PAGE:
uS standard uncertainty of the measurement stability
uU standard uncertainty of the measurement uniformity of the WTP
uER standard uncertainty of the ETRS temperature
uMRTD standard uncertainty caused by the MRTD
uST uncertainty of the ST
u_ST^2=u_D^2+ u_S^2+ u_U^2+ u_ER^2+u_MRTD^2
uCS standard uncertainty of the CS used in calibration of the ST
u combined standard uncertainty of the laboratory accuracy
u^2=u_CS^2+ u_ST^2
TST temperature of the CS measured by the ST
TCS temperature of the CS
M8h mean value for 8 hours measurement
M8h,min ,
minimum and maximum of the mean value for 8 hours measurement
SD8h standard deviation for 8 hours of measurement

Setup, device, and environmental requirements:

  • Minimum WTP resolution in thermograms: 320 × 240 pixels
  • Minimum resolution for the subject's face in thermograms: 240 × 180 pixels
  • Minimum ETRS resolution in thermograms: 20 × 20 pixels
  • Minimum spatial resolution of ~1 mm /pixel (i.e., one pixel can image an area of 1×1mm2 on the face)
  • Ambient temperature: 18°C – 24°C
  • Relative humidity: 10% – 75%
  • Airflow from ventilation ducts should be deflected to minimize forced cooling or heating of the target.
  • No source of IR radiation (for example, incandescent and halogen lighting) surrounds the experimental setup.


Our study [2] evaluated and enhanced some requirements and test method in the IEC 80601-2-59:2017 standard [1]. The following table compares the differences between the standard methods and our proposed methods.

  IEC 80601-2-59: 2017 Enhancements of RST
Stability and drift Test procedure
  • See clause 201.101.4.
  • The testing period should be the device's calibration interval or two weeks, whichever is longer.
  • Same as the standard. Detailed instruction is provided in Section 2.3.1.
  • The testing period should be the device's calibration interval or one month, whichever is longer.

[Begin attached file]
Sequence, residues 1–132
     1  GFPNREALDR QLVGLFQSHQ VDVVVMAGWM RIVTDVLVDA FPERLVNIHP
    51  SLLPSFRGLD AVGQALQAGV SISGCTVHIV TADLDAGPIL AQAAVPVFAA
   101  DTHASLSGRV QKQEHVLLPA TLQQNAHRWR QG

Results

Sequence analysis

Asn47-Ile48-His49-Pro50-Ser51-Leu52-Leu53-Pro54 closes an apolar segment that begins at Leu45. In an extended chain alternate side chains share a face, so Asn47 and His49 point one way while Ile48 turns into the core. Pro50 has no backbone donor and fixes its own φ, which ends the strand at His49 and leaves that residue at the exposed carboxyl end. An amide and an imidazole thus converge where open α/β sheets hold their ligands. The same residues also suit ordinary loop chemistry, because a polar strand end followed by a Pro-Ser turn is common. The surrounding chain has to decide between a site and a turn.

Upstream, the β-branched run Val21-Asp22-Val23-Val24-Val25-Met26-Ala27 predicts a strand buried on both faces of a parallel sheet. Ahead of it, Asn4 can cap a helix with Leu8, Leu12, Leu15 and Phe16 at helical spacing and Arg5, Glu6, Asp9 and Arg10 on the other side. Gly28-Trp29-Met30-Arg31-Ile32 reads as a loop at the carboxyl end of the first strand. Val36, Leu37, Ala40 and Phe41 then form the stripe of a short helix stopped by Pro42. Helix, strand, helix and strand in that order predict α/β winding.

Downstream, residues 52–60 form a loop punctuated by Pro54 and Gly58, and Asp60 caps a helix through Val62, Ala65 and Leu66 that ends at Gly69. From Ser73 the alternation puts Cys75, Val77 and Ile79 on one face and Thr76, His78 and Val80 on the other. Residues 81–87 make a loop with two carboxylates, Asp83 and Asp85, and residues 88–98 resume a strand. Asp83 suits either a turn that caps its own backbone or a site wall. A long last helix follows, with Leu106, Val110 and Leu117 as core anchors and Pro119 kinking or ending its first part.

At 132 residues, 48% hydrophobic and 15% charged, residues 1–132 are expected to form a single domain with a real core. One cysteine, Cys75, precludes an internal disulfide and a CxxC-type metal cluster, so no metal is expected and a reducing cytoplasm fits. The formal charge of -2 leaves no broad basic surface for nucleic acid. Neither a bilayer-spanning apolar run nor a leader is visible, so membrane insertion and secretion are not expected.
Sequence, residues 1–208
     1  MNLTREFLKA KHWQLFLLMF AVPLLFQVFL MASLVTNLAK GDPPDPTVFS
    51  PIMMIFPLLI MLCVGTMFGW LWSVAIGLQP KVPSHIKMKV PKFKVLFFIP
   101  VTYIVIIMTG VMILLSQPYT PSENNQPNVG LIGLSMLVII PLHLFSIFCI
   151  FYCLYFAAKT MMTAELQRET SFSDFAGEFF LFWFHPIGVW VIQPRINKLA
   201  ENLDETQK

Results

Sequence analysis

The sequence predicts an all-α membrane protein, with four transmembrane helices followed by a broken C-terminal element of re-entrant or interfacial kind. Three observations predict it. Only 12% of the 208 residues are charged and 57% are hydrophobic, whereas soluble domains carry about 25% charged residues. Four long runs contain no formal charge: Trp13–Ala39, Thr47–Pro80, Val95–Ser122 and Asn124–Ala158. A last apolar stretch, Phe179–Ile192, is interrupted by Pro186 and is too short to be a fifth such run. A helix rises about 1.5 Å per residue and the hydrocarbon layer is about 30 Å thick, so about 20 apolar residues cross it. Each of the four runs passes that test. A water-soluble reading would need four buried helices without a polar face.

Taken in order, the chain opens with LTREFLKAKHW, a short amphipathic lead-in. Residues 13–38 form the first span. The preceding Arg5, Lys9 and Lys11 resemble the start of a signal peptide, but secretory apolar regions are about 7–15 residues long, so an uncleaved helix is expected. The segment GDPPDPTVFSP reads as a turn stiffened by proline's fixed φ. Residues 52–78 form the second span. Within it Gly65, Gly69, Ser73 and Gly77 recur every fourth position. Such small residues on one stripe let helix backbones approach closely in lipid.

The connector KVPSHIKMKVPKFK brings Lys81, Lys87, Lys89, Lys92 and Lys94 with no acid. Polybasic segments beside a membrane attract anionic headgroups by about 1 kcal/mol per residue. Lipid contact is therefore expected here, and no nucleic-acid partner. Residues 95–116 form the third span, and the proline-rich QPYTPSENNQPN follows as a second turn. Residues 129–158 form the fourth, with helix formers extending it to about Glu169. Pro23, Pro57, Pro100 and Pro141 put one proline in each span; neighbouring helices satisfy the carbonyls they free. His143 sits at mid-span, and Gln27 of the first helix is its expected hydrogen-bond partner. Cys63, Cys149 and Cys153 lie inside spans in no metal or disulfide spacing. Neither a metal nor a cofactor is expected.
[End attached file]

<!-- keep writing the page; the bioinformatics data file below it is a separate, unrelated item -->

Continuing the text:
• 3·〖SD〗_8h < 0.1°C


  • M_(8h,max)-M_(8h,min)<0.1°C

The combined stability and drift:

  • Stability + Drift<0.2°C.


  • Standard uncertainty u_s=〖SD〗_8h  <0.03°C, or
  • Expanded uncertainty U_s=k〖·u〗_s<0.1°C, with coverage factor k=3 and confidence level >99%.


  • Standard uncertainty 〖u_d=M〗_(8h,max)-M_(8h,min)<0.1°C
  • Following the standard, we calculated the mean (M_frame) of the ROI on each captured frame, followed by the mean (M_8h) and SD (〖SD〗_8h) of all the M_frame values within one day (8 hours). M_(8h,max) and M_(8h,min) are the maximum and minimum M_8h values during the drift testing period.
  • Since the drift trend can be monotonical, drift is the maximum difference between M_8h values during the testing period (i.e., the device's calibration interval or two weeks, whichever is longer). 
  • Calculation of M_frame will reduce random noise by a factor of √N, where N is the number of pixels in the ROI for mean calculation. The random noise is considered in the uniformity test.
  • Based on our recommendations, the requirement for combined stability and drift is redundant and can be removed.
Uniformity of WTP Test procedure
  • See Clause 201.101.6.
  • The CS is repositioned at no less than 29 locations (four corners, center, and at least 24 random locations) throughout the WTP, and the CS temperature was measured with the IRT at each location.
  • See Section 2.3.2 for details.
  • The CS is repositioned in front of the IRT so that the CS aperture can cover the entire FOV of the IRT.
  • The camera should be focused on the working distance for uniformity evaluation to avoid the effect of focal length.
  • The SD of temperature values from all the pixels within the WTP is defined as the standard uncertainty of uniformity (uU)
  • The maximum difference between the 29 CS temperature values is less than 0.2°C.
uU <0.05°C
  • The standard does not explain whether the CS temperature should be read from one pixel or the average of several pixels. Since only 29 values are used, the test result has poor repeatability and large variation.
MRTD Test procedure
  • See Clause 201.101.5. Complies with the ASTM E1213-14 standard [4]
  • A standard four-bar target is mounted in front of the CS (a differential blackbody).
  • The target is imaged with the IRT and displayed on a video monitor where the image is viewed by an observer.